Leviticus

Leviticus is the third book of the Old Testament. Its Hebrew name is Vayikra, meaning "and He called", which is the Hebrew text's opening word. Leviticus is a compilation of ancient Hebrew law.

It has been traditionally ascribed to Moses, but many modern scholars believe that it was probably compiled in about 500 B.C., or 800 years after the Mosaic period. The book contains moral laws, such as the injunction to "love thy neighbor as thyself" (19:18), but it is chiefly concerned with the rules of Hebrew religious ritual.

It sets forth God's requirements of cleanliness, proper foods, and self-discipline and prescribes penalties for sin, such as the famous "eye for eye" punishment for harming another person and the death sentence for murder (24:20,21). The Dead Sea Scrolls contain several fragments of Leviticus.

Contents

The book may be divided into five sections. (1) Chapters 1 to 7 form a "Manual of Sacrifice," dealing with instructions to the people about how they are to make the burnt offering (chapter 1), the cereal offering (chapter 2), the peace offering (chapter 3), the sin offering (4:1 to 5:13), and the trespass offering (5:14 to 6:7). Instructions for the priests concerning the same offerings are found in 6:8 to 7:38. (2) Chapters 8 to 10 are an account of the consecration of the priesthood, telling of the ordination and installation of the priesthood. (3) Chapters 11 to 16 constitute the "Manual of Purification," describing the distinction between clean and unclean animals (chapter 11), the purification of women after childbirth (chapter 12), regulations for the diagnosis and treatment of leprosy (chapters 13 to 14), rules concerning sexual purity (chapter 15), and the description of the yearly ritual of Yom Kippur, the Day of Atonement (chapter 16). (4) Chapters 17 to 26, known as "The Holiness Code," deal with regulations concerning the eating of meat (chapter 17), sexual relations (chapter 18), rules for holy behavior toward others (chapter 19), restrictions against pagan customs (chapter 20), sacrificial rules (chapters 21 and 22), the liturgical calendar (chapter 23), ritual and ethical regulations (chapter 24), the sabbatical and jubilee years (chapter 25), and a concluding homily (chapter 26). (5) Chapter 27 is an appendix dealing with vows and tithes. While most of Leviticus is concerned with regulations, there are certain narrative sections as well. Leviticus 10:1-7 tells of the death of Nadab and Abihu in punishment for not following the regulations for offering incense to God. Chapter 10: 12-20 describes the ritual error of Eleazar and Ithamar, sons of Aaron, who burned the sin offering of a goat that they were supposed to eat in the sanctuary according to the prescriptions for the sacrifice. Leviticus 24:10-14 tells of the stoning of a blasphemer. During a quarrel the son of an Israelite woman and an Egyptian father blasphemed the name of God. Moses commanded that he be stoned. Even these narrative sections, however, deal with the regulations concerning ritual.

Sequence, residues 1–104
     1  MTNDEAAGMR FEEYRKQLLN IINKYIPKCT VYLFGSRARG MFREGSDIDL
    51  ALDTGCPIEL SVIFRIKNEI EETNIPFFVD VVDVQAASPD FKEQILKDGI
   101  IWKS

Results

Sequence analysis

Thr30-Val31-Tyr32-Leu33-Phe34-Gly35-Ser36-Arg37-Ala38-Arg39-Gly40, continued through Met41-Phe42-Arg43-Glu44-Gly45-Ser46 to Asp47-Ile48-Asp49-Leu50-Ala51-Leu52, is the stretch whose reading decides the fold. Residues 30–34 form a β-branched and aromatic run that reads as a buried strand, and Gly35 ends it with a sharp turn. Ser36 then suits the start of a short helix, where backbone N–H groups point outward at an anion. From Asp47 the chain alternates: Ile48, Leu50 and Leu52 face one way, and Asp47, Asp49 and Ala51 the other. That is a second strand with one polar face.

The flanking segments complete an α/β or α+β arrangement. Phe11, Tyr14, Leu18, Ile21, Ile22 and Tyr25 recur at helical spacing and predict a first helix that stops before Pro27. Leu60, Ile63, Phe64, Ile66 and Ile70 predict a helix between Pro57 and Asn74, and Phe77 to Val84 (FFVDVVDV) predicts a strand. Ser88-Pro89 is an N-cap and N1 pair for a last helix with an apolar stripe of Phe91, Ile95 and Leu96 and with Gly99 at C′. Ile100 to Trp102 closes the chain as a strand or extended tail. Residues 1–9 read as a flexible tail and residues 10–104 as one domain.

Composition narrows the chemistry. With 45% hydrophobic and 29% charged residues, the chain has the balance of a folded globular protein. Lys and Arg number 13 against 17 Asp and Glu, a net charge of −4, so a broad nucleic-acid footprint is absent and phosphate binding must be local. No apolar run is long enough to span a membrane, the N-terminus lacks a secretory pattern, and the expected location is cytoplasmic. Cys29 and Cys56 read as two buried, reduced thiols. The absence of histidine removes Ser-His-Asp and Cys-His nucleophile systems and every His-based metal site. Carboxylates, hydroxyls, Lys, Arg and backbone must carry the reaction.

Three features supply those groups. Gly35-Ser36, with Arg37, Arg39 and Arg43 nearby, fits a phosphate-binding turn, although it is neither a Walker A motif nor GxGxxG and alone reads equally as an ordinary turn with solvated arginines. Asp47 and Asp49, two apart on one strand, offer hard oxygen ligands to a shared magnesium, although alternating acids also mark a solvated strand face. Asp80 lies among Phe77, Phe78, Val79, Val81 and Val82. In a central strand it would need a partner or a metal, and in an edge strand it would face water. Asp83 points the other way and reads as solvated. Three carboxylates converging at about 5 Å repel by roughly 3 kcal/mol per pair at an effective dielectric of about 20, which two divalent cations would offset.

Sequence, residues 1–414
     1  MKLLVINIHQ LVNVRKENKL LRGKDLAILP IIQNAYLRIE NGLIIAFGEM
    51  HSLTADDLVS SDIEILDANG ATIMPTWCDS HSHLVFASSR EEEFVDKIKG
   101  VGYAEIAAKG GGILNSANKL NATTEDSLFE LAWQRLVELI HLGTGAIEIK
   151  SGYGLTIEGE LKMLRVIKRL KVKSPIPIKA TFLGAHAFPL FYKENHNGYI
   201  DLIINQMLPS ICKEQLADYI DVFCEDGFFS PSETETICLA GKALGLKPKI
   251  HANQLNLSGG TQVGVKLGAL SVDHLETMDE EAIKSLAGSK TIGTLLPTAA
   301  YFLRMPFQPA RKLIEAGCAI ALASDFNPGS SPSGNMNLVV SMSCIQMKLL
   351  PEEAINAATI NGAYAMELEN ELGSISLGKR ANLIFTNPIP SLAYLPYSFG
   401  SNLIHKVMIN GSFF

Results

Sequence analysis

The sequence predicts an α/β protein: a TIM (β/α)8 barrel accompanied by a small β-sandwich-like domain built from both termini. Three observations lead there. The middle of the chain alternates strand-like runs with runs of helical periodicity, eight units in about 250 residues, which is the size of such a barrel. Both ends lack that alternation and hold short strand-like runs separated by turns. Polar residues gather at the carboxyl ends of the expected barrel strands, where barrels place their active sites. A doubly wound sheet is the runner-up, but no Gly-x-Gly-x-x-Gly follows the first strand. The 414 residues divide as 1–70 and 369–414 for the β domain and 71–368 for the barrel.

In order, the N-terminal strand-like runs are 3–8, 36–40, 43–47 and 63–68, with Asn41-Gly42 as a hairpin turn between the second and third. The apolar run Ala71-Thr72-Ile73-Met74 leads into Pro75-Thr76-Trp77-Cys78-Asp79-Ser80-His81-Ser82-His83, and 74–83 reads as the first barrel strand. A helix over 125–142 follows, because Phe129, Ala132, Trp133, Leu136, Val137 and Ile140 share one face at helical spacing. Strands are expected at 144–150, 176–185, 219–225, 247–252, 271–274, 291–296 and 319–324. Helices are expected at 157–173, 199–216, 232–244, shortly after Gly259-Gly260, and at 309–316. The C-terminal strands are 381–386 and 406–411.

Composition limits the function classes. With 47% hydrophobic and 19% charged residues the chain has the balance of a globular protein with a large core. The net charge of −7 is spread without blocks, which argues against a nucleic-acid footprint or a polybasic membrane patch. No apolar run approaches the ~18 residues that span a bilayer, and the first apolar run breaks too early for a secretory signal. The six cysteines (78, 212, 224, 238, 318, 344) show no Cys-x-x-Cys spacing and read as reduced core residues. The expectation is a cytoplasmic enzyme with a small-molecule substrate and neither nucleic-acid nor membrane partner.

Character

Leviticus never existed as a separate book outside the Torah, or Pentateuch. The division of the Torah into the five books now called Genesis, Exodus, Leviticus, Numbers, and Deuteronomy is an artificial one. Consequently, one cannot properly understand Leviticus if it is taken out of the context of the Pentateuch as a whole. The material of the Pentateuch is composed of various literary strands, which scholars have labeled J, E, D, and P. The J strand takes its name from the fact that it refers to God mostly by the name "Jahweh" or "Yah-weh." E represents the tradition characterized by the use of the name "Elohim" for God. The Deuteronomic tradition, which is concerned chiefly with the law, is called D. And P is the priestly tradition, whose writers edited much of J, E, and D. Leviticus is composed entirely of priestly material.